When glancing at the rising real estate prices in Kamloops, one often hears the refrain that, compared to Vancouver, the prices are reasonable.
Most cities in North America, regardless of their housing prices, would seem affordable compared to Vancouver. But looked at in isolation, Kamloops is becoming — and has become, in many instances — a place where it is extremely difficult for a young person just starting out in life to buy a house.
When homes in the $500,000 to $700,000 range are subject of multiple bidders and the property sells for $55,000 or more over asking price, the signs point to an unaffordable city for not only those trying to enter the market, but those needing more room as their families grow in size.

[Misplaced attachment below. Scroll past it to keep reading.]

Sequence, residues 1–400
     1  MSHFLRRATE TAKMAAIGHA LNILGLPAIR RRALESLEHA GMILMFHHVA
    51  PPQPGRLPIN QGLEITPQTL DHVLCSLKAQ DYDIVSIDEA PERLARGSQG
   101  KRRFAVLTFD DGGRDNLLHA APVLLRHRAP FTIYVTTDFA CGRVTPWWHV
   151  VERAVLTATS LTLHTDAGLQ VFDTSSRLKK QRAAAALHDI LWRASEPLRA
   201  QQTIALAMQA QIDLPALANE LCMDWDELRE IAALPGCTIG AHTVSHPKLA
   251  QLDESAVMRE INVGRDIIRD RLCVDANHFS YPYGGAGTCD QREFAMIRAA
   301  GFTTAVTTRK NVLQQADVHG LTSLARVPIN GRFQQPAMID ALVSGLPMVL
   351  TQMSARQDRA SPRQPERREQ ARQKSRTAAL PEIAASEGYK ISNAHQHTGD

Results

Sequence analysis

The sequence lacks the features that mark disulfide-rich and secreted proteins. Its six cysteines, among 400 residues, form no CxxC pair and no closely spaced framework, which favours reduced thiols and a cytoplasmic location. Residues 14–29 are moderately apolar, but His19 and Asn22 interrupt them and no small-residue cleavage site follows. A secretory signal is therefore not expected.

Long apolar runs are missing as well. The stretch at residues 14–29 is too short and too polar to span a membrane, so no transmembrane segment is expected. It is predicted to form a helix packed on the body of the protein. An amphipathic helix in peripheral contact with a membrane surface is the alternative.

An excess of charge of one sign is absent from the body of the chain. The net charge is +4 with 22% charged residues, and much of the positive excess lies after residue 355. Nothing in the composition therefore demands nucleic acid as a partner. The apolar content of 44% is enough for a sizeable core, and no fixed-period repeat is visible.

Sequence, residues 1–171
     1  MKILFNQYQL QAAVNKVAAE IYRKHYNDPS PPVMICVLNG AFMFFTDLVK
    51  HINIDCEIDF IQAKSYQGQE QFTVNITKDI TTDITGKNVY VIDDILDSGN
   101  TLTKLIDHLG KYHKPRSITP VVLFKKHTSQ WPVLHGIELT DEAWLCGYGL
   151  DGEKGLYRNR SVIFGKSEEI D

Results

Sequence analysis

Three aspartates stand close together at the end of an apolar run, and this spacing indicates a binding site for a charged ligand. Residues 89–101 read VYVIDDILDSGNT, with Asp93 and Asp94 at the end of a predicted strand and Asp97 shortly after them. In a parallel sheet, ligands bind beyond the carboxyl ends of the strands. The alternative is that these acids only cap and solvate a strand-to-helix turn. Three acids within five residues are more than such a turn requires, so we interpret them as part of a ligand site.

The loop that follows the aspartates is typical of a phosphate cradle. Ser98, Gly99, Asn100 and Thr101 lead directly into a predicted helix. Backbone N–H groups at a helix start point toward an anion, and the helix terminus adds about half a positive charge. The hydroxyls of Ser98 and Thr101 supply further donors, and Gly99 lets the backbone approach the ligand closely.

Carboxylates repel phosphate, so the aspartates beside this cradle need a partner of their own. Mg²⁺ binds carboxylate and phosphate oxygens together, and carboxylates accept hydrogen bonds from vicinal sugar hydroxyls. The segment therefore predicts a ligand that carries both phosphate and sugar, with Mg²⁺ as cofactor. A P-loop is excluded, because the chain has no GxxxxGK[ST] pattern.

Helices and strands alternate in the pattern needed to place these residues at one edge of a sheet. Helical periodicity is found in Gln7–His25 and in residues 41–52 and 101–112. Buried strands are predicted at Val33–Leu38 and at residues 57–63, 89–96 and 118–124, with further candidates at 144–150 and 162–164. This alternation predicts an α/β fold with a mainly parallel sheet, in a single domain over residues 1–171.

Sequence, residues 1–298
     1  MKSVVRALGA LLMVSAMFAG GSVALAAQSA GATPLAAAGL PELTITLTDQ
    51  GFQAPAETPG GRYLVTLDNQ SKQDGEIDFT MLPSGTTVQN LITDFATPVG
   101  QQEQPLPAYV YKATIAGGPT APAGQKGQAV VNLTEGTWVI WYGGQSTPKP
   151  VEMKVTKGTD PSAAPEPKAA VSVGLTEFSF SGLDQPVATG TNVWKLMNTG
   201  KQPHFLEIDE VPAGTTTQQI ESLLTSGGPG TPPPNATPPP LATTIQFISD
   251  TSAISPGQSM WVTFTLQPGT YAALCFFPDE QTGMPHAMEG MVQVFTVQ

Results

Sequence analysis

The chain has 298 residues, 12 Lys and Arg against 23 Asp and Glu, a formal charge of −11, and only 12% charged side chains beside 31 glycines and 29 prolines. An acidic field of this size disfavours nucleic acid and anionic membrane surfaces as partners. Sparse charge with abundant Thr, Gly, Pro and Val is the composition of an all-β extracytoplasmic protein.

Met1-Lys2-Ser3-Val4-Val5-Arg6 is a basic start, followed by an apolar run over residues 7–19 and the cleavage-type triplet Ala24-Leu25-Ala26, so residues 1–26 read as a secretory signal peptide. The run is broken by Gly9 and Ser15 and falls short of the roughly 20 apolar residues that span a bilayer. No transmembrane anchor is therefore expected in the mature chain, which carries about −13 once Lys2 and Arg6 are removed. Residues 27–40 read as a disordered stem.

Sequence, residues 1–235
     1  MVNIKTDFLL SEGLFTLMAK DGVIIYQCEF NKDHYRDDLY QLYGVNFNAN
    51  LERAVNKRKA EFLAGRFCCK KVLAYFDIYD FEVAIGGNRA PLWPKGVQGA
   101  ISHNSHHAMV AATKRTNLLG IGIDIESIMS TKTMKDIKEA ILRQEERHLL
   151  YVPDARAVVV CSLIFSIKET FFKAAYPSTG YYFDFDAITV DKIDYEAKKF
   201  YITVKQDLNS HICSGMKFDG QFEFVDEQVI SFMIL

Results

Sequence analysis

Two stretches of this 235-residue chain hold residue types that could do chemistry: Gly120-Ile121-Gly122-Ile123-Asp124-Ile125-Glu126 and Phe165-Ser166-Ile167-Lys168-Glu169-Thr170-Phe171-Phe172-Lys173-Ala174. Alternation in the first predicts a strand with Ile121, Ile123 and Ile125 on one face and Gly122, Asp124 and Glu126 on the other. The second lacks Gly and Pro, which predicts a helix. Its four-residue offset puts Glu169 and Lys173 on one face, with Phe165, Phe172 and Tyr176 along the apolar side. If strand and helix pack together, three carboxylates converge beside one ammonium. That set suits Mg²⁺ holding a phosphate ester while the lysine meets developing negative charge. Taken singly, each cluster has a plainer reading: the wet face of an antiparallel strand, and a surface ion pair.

This is why an idea of Kamloops Coun. Kathy Sinclair is welcome.
Sinclair wants the city to address what she calls the “missing middle” of the housing market — bridging the gap between renting and home ownership.
She said construction of duplexes, triplexes, fourplexes, eightplexes, co-operative housing and subsidized housing could increase the city’s rental housing supply and make home ownership more affordable. Indeed they could — and, as Sinclair noted, such housng can be used as infill so as to minimize changes to a neighbourhood’s character.
However, this is not to say any neighbourhood in the city should be considered off-limits for such housing options. We cannot afford (literally and figuratively) to not consider including all manner of housing in all areas of Kamloops if we truly want an affordable market for all.